2.3. Numerical method validation

The numerical method was validated using the available experimental data. The details of experimental setup can be found in [11]. Figure 3 indicates the location of experimental sensors and the comparison of air temperature and velocity obtained from simulations with the experimental data. It is observed that the results of simulations were in the uncertainty range of experimental data.







Figure 3. (a) location of experimental sensors, (b) air velocity and (c) air temperature variations at the measurement points.


3. Results and discussion

The performance of the system was analyzed for the most critical condition with the outdoor temperature −20 °C, which was the design outdoor temperature for Oslo, Norway, in the winter season [12]. The active supply diffuser was also operated under two different air flow rates: the minimum air flow rates required by the Norwegian PH standards and the maximum air flow rates for which the active diffuser could operate. Table 1 describes the details of two scenarios. The negative Archimedes number shows that a negatively buoyant air was supplied.

Table 1. The main parameters for the scenarios investigated in this study.


Tout (°C)

Ts (°C)













Figure 4 illustrates the temperature stratification and air distribution for two cases. Maximum temperature stratification between seated head level and ankle level was around 1.5 K (Figure 4a), which was within the maximum recommended range by the EN ISO 7730 standard for the IAQ category II, indicating that active supply diffuser could avoid temperature stratification at both maximum and minimum air flow rates. This can be also seen in Figure 4b where the throw length towards internal wall (left side) was preserved by the active supply diffuser. However, the throw length towards window side (right side) was different due to interaction between cold current from the window and the supply jet.





Figure 4. (a) Temperature stratification and (b) air velocity distribution for two scenarios in a plane passing through the window


Figure 5 illustrates the variation of thermal comfort indices for both scenarios. Using active supply diffuser could almost satisfy PMV requirement for both scenarios (Figure 5a) according to comfort category II [10]. The spatial distribution of PPD for both scenarios at three cross sections are shown in Figure 5b. The thermal comfort for both cases were always satisfied at the standard seated head level in the occupancy zone (1.1 m above the floor) with PPD ≤ 7% implying the decent performance of active supply diffuser in providing uniform distribution of supply air in the occupancy zone. However, some small region above that level located in the convective plume of occupant had higher PPD.


Y = 1.4 m

Y = 1.0 m

Y = 0.6 m


Figure 5. (a) Average PMV in the zone of occupancy and (b) PPD distribution in three cross sections

5. Conclusions

This study dealt with numerical simulation of IAQ in a standard cell office equipped with active supply diffuse and located in a Nordic climate country. Two different scenarios for maximum allowable and required minimum air flow rates were analyzed and the results showed that applying active diffuser at ceiling level could avoid temperature stratification, with maximum temperature stratification around 1.5 K, even at minimum air flow rates by changing the slot opening of diffuser. The thermal comfort analysis showed that both scenarios almost satisfied the average PMV requirements according to the comfort category II. Furthermore, spatial PPD values at the seated head level was less than 7% satisfying the requirements for the comfort category II. It is worth mentioning that the cooling performance of active supply diffuser would be interesting to be evaluated as the all-air system should also cover the building cooling load.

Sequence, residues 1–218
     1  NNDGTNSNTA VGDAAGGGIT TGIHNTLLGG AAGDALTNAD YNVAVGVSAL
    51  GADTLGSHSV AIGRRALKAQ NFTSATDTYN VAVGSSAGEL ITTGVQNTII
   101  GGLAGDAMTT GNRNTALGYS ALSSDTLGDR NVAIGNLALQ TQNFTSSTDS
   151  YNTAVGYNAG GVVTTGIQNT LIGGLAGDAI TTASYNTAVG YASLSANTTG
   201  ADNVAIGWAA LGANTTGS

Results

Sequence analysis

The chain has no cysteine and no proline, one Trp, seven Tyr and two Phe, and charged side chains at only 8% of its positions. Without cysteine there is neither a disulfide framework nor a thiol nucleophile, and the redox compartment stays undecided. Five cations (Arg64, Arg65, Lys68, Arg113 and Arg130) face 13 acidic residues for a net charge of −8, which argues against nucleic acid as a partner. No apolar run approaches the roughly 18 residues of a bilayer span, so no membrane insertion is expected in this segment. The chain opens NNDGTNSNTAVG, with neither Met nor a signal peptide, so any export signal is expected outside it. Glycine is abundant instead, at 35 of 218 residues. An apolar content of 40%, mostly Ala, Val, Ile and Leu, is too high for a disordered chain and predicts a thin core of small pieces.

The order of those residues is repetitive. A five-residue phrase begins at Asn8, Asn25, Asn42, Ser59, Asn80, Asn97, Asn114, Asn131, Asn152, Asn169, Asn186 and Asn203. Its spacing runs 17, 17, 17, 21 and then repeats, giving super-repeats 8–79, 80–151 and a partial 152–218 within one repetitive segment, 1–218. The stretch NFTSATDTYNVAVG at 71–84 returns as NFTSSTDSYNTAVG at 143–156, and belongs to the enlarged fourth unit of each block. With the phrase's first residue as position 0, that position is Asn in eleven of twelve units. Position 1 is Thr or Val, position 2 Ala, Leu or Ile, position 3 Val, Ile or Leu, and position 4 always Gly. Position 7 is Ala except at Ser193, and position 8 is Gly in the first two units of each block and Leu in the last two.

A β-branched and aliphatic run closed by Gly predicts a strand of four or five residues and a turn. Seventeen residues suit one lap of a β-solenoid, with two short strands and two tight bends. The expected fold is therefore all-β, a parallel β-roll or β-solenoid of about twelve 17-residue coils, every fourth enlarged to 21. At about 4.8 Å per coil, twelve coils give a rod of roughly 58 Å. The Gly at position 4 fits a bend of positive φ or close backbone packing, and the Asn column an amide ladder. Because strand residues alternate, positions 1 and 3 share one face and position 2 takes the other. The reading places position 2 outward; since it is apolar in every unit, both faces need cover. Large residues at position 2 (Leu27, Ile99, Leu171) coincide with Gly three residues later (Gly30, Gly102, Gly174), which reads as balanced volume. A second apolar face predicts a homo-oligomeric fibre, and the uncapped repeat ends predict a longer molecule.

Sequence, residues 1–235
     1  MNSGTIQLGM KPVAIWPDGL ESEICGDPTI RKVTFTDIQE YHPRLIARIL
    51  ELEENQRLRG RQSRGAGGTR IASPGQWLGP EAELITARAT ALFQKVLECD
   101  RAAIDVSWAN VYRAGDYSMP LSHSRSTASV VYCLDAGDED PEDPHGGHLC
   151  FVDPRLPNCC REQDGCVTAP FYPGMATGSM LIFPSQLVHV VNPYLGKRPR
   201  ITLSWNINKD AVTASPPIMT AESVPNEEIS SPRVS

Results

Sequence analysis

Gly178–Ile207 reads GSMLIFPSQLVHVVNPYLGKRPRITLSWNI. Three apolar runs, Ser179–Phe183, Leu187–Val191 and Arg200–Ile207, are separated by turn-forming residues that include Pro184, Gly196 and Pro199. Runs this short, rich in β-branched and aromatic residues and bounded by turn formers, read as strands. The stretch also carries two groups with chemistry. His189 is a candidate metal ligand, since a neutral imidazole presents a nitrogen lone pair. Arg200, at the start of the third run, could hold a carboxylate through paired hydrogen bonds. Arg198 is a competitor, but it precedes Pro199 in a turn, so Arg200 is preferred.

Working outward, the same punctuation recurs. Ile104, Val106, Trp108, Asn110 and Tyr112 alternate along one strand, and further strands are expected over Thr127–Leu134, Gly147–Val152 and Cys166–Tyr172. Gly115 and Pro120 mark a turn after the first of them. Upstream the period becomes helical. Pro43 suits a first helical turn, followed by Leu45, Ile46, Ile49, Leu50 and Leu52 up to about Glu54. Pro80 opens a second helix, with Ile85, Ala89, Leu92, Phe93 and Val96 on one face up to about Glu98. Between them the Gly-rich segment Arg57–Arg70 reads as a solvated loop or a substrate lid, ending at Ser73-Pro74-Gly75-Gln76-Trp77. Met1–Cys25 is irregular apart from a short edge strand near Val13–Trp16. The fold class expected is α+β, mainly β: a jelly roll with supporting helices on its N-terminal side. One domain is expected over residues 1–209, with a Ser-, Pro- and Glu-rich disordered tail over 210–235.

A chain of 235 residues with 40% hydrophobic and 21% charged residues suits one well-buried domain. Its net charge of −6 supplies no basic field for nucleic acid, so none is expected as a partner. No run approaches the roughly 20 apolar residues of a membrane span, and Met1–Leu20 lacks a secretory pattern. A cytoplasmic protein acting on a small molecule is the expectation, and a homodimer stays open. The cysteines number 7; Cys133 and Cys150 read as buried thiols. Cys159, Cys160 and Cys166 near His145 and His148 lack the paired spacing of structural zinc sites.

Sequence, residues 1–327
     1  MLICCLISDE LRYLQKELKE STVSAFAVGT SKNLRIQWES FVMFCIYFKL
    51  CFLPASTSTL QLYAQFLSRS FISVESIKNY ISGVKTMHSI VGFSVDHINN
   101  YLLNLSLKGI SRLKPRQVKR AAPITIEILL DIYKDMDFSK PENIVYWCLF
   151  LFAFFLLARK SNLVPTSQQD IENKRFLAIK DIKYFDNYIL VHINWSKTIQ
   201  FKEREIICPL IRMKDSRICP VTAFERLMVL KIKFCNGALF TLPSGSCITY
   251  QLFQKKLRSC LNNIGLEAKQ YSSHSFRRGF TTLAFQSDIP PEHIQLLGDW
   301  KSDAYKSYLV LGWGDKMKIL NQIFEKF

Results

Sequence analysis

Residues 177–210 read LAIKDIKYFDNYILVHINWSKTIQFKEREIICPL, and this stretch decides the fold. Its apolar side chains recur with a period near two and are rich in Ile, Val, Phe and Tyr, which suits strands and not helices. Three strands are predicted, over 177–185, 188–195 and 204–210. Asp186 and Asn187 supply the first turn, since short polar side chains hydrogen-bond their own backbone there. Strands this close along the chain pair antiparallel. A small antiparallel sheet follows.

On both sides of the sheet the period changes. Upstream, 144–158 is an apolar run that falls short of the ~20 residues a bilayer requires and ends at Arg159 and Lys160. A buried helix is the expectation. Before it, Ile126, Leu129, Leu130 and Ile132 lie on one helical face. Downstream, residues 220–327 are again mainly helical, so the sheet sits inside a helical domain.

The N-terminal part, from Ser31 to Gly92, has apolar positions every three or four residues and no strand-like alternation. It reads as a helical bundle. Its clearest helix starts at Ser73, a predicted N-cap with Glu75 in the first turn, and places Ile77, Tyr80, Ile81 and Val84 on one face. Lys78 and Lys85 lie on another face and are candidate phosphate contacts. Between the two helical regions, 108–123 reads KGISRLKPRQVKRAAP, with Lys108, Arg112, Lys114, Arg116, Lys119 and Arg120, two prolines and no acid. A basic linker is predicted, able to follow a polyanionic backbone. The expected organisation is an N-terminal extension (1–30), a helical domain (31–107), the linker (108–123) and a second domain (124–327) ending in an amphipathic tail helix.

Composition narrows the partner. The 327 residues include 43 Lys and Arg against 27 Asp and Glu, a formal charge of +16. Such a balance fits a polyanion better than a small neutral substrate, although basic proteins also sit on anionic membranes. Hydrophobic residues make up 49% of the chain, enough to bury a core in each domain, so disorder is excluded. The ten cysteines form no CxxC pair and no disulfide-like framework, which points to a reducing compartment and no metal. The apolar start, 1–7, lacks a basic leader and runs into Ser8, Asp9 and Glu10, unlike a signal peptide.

[1]    W.J. Fisk, D. Faulkner, D. Sullivan, F. Bauman, Air change effectiveness and pollutant removal efficiency during adverse mixing conditions, 7(1) (1997) 55-63.

[2]    F.J. Offermann, D. Int-Hout, Ventilation effectiveness measurements of three supply/return air configurations, Environment International 15(1) (1989) 585-592.

[3]    A. Novoselac, J. Srebric, Comparison of air exchange efficiency and contaminant removal effectiveness as IAQ indices, 109(2) (2003) 339-349.

[4]    S. Liu, A. Novoselac, Air Diffusion Performance Index (ADPI) of diffusers for heating mode, Building and Environment 87 (2015) 215-223.

[5]    M. Krajčík, A. Simone, B.W. Olesen, Air distribution and ventilation effectiveness in an occupied room heated by warm air, Energy and Buildings 55 (2012) 94-101.

[6]    D. Risberg, M. Vesterlund, L. Westerlund, J. Dahl, CFD simulation and evaluation of different heating systems installed in low energy building located in sub-arctic climate, Building and Environment 89 (2015) 160-169.

[7]    NS-3701-Criteria for passive houses and low energy buildings, Non-residential buildings, Standard Norge, Norway, 2012.

[8]    TTC- Active supply diffuser. Avaiable from:, 2018. (Accessed 4 May 2018).

[9]    A. Cablé, M. Mysen, K. Thunshelle, Can demand controlled ventilation replace space heating in office buildings with low heating demand?, Indoor Air conference, Hong Kong, 2014.

[10]  EN ISO 7730- Ergonomics of the thermal environment - Analytical determination and interpretation of thermal comfort using calculation of the PMV and PPD indices and local thermal comfort criteria, Standard Norge, Norway, 2006.

[11]  A. Cablé, M. Mysen, K. Thunshelle, Can demand controlled ventilation replace space heating in office buildings with low heating demand?, Indoor Air conference, 2014.

[12]  ANSI/ASHRAE/IES. Standard 90.1e2007 normative Appendix B: building envelope climate criteria, (2007).

Mehrdad Rabani, Habtamu Bayera Madessa, Natasa NordPages 13 - 17